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HIST 091: Senior Research Seminar (SC)

History 091: Senior Research Seminar (Megan Brown and Bob Weinberg) Fall 2024

About this Guide

This research guide suggests databases, books, primary sources, and other resources for your History 091 project.

Start Here:

Research Consults & Questions

You can get help with finding primary and secondary sources, citations, and organizing your research.

Simon Elichko (they/them)
Social Sciences & Data Librarian

Access Swarthmore College Special Collections

Swarthmore College Special Collections is a department within the library where manuscripts, archives, rare books, historic photographs and images, and other special materials are held. There are four units within the department, each with a distinct mission to collect items within their subject area:

Students are welcome and invited to use Special Collections. Our materials are only available in our Reading Room, and an appointment is required, but Swarthmore students can easily book a Special Collections appointment online.  The Special Collections Reading Room is located in McCabe Library, to your left as soon as you enter the building (room #130).

If you have any questions, please reach out to Celia Caust-Ellenbogen (she/her) at

A few key tips for History 91

  1. Start early.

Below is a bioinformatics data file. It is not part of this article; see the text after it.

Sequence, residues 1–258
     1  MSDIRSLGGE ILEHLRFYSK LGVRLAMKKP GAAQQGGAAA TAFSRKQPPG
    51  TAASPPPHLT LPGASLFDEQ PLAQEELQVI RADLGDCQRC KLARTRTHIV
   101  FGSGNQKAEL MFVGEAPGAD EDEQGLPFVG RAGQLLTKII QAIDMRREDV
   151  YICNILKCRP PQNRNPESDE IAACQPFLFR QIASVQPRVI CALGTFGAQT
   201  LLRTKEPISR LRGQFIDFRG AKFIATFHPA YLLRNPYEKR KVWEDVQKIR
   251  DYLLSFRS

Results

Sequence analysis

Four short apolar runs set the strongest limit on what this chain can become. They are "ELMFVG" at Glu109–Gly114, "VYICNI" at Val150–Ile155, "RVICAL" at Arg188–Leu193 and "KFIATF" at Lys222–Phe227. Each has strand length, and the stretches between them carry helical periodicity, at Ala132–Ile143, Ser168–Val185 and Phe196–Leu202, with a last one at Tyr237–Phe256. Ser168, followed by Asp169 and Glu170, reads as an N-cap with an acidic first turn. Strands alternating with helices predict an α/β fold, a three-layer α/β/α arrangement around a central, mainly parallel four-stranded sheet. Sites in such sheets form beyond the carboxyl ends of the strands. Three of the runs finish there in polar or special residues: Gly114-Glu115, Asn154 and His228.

Give yourself extra time to explore, read, and write during the fall semester. Starting early could include thinking about your potential research question, possible primary sources you could use, and/or looking at relevant secondary sources (e.g. scholarly books, journal articles).
  2. Reach out + ask questions
    Scholarship is often envisioned as a solitary pursuit, but a key part of the History 91 involves expanding your knowledge and research skills by benefiting from the expertise of others. Talking with other people about your work is essential and will help you clarify your thinking, identify useful resources, and stay on track with your project. (Some of the people you might talk to include Professor Dorsey, Professor Weinberg, your faculty advisor, librarian Simon Elichko, other librarians, WAs, and RIAs)
  3. Search strategically.
    You might find good scholarly sources through keyword searches in JSTOR, but finding primary sources involves using different databases and search strategies. Spelling, word choice, and geographic names may have been different during the time period you're researching.  Keep this in mind when you're searching for primary source documents. (And don't hesitate to reach out if you need help navigating this process.)